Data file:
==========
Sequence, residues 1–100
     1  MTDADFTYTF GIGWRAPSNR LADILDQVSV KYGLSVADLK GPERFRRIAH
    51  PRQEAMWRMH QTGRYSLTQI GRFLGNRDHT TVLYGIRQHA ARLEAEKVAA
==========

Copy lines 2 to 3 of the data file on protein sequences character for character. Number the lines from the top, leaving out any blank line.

     1  MTDADFTYTF GIGWRAPSNR LADILDQVSV KYGLSVADLK GPERFRRIAH
    51  PRQEAMWRMH QTGRYSLTQI GRFLGNRDHT TVLYGIRQHA ARLEAEKVAA